While its price is the best thing about it, it’s also very readable. While the size and design don’t lend itself very well to being a framing square, it would work nicely as a basic straight edge that lets you measure where to make cuts.
A framing square isn’t the most technical tool you’re going to buy, but they come packed with guides to help you make accurate cuts without a calculator. That means knowing a little about them, and a little about what you need one for. We wrote this buyers’ guide to give you an idea of how to match what you need to the right tool.
Buying a framing square might seem like a simple transaction because it looks so crude. It might seem like you can just buy any model that looks like it is the right size, which is true if you don’t do any complicated work. If you do, knowing that something this simple still has pieces with dedicated purposes is important. So, we’ll give a quick run-down on the different parts of a framing square.
Imagine a framing square laid down on your workbench. It essentially has two major sections, and each has its own name. Here’s a run-down on each, and other terms used to describe a framing square.
Blade: The section that is longer and wider is called the blade.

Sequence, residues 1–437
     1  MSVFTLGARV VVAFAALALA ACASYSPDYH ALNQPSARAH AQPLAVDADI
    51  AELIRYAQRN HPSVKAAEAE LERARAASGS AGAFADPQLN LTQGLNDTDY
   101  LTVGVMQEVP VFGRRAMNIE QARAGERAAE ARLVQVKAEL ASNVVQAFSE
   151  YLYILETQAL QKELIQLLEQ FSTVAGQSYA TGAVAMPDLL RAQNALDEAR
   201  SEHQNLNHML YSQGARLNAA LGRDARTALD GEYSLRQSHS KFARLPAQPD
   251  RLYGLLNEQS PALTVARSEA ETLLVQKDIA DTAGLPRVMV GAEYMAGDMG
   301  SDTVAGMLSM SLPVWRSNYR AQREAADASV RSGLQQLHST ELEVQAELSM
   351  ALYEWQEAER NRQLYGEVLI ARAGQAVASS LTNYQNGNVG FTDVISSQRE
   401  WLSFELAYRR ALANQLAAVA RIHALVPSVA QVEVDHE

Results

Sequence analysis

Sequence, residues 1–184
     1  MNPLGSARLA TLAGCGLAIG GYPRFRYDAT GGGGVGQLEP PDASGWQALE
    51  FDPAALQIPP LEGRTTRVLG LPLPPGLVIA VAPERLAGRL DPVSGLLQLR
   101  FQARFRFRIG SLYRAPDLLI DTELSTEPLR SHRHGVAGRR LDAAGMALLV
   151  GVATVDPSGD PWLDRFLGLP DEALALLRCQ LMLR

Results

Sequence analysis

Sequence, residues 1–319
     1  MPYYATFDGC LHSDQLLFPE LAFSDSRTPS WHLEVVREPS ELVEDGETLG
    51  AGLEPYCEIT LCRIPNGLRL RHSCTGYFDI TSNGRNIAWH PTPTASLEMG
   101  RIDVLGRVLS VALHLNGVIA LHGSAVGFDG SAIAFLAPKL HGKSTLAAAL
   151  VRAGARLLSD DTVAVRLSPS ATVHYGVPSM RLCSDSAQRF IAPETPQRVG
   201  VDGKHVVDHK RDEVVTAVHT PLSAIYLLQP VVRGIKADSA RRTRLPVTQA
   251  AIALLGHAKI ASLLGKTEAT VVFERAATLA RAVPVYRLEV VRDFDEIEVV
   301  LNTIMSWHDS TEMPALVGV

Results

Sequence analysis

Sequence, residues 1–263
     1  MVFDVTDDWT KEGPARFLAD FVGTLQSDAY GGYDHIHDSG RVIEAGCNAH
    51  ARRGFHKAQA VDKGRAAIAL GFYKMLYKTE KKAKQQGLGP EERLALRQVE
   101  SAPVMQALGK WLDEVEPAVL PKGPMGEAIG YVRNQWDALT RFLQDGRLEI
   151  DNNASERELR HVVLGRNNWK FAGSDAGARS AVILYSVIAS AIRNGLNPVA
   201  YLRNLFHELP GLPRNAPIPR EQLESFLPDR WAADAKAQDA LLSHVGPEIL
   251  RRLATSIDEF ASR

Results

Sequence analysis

Tongue: The section that is shorter and thinner is called the tongue.
Face: The front of the framing square is called the face. Rafters tables are on the face’s blade. The tongue of the face is where you’ll find the eight-square scale. You can easily find the face if you place a framing square on a table with the tongue pointing to the right.
Back: Place a framing square on a table with the tongue pointing to the left. That’s the square’s back. Brace measurements are on the tongue and Essex board measurements are on the blade.
Heel: The heel is where the tongue and blade meet. On the back of the heel is a guide that measures to the hundredths of inches.
As with every tool purchase, what you plan to do is going to be the first thing to dictate what you purchase. In this case, what we’re talking about is how big is the project. If you primarily build something smaller like a dollhouse, you’re going to want a small framing square. If you are doing primarily proper carpentry that includes working with large, flat panels, you’ll want a framing square that is bigger. In fact, the idea that you should always match the tool to the job is a great rule of thumb when making any purchase.